Yu et al. [12] and Kelly et al. [13] pointed out that the increase in families’ socioeconomic status was associated, proportionally, with the risk of ASD in their children. However, other studies have pointed out that ASD is associated with lower socioeconomic status [11, 14], suggesting that such associations mainly reflect a bias in the detection of cases, with an artificially increased prevalence, as some results differ according to the source used to measure the prevalence. In the present study, a diversified data source was used: public, private schools, associations, and public and private clinics, which mitigated possible verification/selection biases.

As for family income, Dodds et al. [37] reinforced that it is not considered a cause for ASD, so this variable possibly reflects the role of potentially correlated cultural and educational factors. They add that access to the health system can interfere with obtaining a diagnosis more easily and, not properly, with the chances of developing ASD. Therefore, this variable deserves attention even though it is not considered a direct cause for ASD, as it interferes with the diagnostic process, allowing it to be earlier in families with higher income and later in those with low income, with little access to diagnostic and treatment services. Thus, where the health system is not universal, there are consequences for the prognosis of the child with this disorder.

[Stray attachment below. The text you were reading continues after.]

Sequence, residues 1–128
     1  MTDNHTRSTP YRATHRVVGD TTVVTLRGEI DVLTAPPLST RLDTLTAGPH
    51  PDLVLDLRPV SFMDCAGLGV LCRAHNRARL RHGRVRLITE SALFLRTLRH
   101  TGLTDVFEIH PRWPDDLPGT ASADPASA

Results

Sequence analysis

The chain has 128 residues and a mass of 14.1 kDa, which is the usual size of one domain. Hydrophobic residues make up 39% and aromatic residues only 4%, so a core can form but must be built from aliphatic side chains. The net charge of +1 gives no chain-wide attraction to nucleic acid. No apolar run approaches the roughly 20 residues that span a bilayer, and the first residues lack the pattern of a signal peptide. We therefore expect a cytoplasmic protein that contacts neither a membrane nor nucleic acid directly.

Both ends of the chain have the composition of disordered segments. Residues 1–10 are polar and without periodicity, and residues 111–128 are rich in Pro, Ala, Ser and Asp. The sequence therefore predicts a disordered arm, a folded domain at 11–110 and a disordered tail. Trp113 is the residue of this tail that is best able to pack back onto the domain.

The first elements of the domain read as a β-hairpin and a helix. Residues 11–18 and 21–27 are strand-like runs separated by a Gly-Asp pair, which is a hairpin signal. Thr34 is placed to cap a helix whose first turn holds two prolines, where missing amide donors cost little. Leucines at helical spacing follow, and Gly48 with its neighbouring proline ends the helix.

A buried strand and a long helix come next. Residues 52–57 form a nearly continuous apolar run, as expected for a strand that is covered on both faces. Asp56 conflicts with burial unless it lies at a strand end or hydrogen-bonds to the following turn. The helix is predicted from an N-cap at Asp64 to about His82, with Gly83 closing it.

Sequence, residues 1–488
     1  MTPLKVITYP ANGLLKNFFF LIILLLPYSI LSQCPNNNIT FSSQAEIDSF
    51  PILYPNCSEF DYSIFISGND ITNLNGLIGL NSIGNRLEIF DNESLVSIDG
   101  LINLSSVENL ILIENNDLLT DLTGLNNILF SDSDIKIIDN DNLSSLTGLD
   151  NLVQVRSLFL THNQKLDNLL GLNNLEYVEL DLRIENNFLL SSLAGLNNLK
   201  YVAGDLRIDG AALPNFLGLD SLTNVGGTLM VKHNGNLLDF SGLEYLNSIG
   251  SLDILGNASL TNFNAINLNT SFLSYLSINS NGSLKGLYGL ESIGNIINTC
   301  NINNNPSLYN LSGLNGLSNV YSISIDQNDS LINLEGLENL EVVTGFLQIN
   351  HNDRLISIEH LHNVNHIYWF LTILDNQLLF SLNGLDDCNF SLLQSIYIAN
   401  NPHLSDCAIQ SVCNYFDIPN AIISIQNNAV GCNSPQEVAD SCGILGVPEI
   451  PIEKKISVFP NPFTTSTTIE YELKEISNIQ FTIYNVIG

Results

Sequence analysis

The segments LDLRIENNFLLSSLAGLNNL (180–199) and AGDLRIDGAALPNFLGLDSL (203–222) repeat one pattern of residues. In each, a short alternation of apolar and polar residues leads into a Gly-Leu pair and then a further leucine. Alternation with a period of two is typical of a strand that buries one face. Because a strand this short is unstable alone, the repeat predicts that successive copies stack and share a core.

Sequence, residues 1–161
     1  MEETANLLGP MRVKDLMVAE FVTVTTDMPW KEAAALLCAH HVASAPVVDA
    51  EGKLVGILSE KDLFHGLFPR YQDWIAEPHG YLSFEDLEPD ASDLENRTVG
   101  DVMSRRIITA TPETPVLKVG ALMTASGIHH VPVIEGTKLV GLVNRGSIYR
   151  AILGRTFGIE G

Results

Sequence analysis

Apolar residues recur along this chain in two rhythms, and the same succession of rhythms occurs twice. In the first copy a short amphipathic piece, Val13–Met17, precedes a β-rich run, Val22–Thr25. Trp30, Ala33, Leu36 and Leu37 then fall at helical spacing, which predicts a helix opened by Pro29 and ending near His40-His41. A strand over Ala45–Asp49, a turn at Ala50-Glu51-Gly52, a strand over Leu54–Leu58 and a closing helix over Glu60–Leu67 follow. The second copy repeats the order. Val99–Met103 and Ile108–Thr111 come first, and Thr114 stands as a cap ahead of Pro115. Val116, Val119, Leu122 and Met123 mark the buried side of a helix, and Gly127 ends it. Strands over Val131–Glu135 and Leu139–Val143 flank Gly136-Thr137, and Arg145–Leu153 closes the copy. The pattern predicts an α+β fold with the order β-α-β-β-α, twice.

It was found that children/adolescents with ASD had twice the chance of their mothers having performed prenatal care in the private network or health plan/health plan. Results were different from those found by King and Bearman [38], who pointed out the fact that individuals whose prenatal care was paid had a reduced risk for diagnosing ASD. Because this variable is related to socioeconomic status, the association found in this study may be due to these families having easier access to diagnostic and treatment services for ASD. It is worth mentioning that, in the region where the study was conducted, there are clear disparities related to the ease of accessing health services and scarce public policies for detecting and monitoring people with this disorder.